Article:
A view of the 1993-1994 California Current based on surface drifters, floats, and remotely sensed data

K. H. Brink, R. C. Beardsley, J. Paduan, R. Limeburner, M. Caruso, J. G. Sires

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49 Scopus citations


Near-surface drifters were deployed in the California Current System during the period 1993-1994 in order to study mean and eddy currents. The deployment scheme allowed a 2 year period where data density was high enough to make meaningful estimates of eddy statistics and of seasonal mean currents and variances on a 5° grid. Eddy variability, which tended to be isotropic, was higher near the coast (standard deviations around 0.2 m s-1) and decreased offshore (down to ∼0.1 m s-1). Seasonal mean surface flow west of California was southward during all seasons: if a Davidson Current existed during 1993-1995, it was probably either short-lived or only found closer to the coast than our study area, i.e., within 100-150 km of shore. In some cases, drifter populations within a discrete feature were high enough to allow some detailed resolution of its behavior. We note a tendency for individual eddies (which can last for up to 3-5 months) to drift westward at rates of O(5 km day-1). Not all eddies in the region are surface-intensified. There is clear evidence for at least the occasional presence of a thin, meandering southward jet in the region that can be 1000 km or more long. This jet can be identified with that found in the Coastal Transition Zone program in association with cool filaments. The jet appears to become broader and slower south of Point Conception. We hypothesize (on the basis of others' results as well as ours) that the eddies that are strongest at the surface result primarily from instabilities on a southward alongshore mean current and that eddies that are maximal at depth are spawned by the northward undercurrent.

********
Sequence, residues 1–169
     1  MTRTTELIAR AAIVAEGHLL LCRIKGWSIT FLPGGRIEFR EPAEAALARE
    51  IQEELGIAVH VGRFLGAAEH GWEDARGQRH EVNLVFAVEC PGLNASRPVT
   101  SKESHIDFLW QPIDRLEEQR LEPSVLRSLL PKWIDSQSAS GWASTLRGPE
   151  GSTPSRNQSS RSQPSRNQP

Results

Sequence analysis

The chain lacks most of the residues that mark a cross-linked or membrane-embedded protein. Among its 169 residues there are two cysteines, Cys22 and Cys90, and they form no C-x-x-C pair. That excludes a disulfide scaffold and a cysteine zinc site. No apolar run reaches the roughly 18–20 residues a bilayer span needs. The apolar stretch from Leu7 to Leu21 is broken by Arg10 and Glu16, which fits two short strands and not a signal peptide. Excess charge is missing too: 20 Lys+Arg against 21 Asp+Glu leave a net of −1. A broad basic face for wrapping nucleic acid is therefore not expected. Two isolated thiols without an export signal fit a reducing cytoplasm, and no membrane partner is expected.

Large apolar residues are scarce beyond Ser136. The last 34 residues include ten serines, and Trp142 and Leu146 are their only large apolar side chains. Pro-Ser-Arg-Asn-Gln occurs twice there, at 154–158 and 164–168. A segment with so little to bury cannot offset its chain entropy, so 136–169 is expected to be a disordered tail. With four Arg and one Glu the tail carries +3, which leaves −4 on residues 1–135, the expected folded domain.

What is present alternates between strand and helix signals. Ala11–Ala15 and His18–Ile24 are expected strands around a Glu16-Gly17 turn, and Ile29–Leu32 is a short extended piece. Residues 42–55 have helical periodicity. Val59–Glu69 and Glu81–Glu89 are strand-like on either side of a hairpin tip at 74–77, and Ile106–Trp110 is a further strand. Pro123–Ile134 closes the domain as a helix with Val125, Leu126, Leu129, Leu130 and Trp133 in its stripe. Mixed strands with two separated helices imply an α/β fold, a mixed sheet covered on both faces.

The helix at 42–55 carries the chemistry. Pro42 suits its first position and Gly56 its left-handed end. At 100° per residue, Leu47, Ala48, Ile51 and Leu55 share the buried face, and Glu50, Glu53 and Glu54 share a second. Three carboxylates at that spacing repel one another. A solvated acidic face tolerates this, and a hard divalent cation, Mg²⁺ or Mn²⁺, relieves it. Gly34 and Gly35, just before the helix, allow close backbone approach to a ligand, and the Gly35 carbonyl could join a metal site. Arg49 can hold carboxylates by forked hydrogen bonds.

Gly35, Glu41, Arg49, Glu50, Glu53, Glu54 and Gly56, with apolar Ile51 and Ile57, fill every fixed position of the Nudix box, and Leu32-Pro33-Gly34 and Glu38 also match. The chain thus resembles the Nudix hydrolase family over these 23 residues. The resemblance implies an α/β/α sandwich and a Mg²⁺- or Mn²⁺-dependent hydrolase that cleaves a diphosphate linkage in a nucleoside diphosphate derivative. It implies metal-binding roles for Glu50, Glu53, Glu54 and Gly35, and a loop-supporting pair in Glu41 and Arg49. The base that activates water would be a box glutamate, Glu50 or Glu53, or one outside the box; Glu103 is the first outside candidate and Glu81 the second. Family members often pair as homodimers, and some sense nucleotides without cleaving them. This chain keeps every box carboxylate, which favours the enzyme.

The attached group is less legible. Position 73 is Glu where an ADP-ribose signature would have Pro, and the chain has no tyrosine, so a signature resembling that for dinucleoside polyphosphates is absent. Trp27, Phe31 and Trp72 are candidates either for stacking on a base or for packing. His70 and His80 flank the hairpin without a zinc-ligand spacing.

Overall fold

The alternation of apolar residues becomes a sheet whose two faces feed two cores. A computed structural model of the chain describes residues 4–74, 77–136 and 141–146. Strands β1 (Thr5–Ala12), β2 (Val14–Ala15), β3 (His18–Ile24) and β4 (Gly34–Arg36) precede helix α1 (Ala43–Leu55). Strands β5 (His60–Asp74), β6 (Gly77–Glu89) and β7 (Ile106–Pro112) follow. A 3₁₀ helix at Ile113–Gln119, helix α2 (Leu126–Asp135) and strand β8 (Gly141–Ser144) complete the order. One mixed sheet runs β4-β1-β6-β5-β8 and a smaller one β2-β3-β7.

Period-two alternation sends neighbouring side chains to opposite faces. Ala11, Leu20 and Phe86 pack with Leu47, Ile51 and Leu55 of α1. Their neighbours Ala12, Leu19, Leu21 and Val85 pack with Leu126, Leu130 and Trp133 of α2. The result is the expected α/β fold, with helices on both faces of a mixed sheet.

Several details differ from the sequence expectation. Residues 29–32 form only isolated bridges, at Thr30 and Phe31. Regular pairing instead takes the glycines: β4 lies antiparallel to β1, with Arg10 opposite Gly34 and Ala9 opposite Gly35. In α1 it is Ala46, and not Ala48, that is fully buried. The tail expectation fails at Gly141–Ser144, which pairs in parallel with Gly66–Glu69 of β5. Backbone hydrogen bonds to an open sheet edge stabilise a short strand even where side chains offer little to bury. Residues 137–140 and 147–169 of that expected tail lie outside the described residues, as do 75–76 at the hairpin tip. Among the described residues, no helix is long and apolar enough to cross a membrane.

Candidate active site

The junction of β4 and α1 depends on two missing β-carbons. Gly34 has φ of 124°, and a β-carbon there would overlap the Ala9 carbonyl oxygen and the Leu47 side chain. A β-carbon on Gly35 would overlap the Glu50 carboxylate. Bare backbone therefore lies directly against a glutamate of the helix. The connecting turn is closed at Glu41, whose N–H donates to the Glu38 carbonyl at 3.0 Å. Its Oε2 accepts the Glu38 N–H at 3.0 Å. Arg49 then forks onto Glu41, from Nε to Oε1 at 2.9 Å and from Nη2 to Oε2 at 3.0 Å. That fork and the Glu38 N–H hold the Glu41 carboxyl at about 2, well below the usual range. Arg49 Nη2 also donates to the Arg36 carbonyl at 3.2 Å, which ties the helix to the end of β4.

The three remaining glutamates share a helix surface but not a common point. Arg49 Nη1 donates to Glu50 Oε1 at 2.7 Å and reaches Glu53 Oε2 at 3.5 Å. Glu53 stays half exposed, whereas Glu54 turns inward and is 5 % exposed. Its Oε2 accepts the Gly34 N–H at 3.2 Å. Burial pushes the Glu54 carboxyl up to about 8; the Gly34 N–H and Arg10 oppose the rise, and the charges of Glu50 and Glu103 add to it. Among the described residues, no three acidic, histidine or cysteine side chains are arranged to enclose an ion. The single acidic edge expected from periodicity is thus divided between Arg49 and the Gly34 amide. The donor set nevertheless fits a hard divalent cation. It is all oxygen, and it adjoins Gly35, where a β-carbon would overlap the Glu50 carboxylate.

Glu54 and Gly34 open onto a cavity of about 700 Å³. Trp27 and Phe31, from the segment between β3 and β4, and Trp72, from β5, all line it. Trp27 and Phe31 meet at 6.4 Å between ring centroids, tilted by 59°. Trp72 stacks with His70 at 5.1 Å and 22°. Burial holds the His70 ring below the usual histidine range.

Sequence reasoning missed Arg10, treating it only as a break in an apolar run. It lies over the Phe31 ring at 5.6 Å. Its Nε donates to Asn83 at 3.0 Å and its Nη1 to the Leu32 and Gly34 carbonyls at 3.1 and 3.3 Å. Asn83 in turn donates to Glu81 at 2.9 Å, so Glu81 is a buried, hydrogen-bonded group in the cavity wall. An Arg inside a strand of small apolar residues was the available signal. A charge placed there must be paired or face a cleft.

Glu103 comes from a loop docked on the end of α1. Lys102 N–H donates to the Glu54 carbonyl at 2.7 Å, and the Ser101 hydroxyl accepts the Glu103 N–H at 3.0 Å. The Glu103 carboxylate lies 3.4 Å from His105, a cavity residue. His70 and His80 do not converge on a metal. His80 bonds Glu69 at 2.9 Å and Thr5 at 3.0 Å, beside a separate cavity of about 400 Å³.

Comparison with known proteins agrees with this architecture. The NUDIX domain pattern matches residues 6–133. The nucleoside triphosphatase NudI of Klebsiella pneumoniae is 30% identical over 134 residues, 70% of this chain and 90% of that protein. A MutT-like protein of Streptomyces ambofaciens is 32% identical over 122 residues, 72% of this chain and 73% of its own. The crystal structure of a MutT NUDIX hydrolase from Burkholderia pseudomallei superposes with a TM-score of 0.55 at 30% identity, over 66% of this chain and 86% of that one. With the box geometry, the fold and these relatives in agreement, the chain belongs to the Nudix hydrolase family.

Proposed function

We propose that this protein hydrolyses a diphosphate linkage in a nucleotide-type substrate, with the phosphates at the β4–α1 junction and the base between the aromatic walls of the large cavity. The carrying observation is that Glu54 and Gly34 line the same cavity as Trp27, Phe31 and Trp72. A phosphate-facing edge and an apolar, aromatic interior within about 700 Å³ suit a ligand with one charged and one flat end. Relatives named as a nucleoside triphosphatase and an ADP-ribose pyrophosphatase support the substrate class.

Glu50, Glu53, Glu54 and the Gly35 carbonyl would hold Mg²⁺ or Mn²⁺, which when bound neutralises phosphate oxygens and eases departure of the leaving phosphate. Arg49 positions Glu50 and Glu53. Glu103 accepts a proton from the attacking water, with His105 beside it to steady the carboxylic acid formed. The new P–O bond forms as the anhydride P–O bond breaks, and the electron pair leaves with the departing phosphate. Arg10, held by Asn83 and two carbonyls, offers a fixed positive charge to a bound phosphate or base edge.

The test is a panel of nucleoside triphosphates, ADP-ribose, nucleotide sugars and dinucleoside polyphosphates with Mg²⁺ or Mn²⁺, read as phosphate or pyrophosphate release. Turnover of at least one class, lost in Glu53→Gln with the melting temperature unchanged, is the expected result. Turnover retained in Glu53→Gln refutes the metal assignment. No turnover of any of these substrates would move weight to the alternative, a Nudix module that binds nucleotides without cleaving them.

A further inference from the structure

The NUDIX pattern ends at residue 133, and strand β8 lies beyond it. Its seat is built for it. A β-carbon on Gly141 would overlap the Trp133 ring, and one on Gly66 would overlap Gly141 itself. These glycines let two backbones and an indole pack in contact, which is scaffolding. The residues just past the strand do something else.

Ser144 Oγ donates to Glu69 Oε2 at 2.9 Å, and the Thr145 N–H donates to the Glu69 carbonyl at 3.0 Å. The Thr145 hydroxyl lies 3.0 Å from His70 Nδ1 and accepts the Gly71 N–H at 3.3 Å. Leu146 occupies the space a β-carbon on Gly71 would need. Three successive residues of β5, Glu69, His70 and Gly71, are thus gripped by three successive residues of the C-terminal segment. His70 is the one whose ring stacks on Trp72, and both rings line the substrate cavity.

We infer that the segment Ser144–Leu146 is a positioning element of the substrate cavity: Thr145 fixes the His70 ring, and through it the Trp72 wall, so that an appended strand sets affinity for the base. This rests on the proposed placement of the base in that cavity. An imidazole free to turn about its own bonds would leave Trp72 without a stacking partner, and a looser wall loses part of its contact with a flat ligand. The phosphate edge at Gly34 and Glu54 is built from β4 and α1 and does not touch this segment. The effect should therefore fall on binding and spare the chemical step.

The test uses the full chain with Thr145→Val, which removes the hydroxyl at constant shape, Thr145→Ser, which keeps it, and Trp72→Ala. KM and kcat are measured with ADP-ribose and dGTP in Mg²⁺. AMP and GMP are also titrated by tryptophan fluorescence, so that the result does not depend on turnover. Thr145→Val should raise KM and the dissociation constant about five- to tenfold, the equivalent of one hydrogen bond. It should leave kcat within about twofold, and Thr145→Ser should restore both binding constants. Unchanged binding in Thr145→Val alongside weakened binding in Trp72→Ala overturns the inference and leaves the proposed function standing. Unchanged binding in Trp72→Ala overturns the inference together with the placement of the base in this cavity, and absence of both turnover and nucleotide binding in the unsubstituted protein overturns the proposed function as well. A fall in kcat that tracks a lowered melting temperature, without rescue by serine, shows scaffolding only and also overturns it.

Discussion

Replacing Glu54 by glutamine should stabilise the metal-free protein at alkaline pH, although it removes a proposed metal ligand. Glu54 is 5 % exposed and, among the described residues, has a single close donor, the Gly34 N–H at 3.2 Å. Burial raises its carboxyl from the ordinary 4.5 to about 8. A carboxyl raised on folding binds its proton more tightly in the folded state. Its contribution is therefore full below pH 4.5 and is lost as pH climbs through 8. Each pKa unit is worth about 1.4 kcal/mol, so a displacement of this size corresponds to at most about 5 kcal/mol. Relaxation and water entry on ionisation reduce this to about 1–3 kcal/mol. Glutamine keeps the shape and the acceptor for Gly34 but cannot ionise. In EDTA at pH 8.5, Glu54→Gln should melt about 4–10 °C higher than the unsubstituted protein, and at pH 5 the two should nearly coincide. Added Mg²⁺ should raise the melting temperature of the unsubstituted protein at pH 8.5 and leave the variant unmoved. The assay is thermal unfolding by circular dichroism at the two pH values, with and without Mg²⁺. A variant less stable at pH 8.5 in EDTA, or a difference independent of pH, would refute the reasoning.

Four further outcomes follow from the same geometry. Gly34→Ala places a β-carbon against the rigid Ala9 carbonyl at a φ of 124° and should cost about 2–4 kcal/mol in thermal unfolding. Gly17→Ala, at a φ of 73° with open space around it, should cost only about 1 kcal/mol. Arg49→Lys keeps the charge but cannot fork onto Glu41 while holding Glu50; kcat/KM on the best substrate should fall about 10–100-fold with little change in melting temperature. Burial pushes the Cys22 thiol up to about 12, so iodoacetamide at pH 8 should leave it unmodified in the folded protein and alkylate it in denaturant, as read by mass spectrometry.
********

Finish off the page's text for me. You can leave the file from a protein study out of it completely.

Original languageEnglish (US)
Article number1999JC900327
Pages (from-to)8575-8604
Number of pages30
JournalJournal of Geophysical Research: Oceans
Issue numberC4
StatePublished - Apr 15 2000
Externally publishedYes

ASJC Scopus subject areas

  • Geochemistry and Petrology
  • Geophysics
  • Earth and Planetary Sciences (miscellaneous)
  • Space and Planetary Science
  • Atmospheric Science
  • Astronomy and Astrophysics
  • Oceanography


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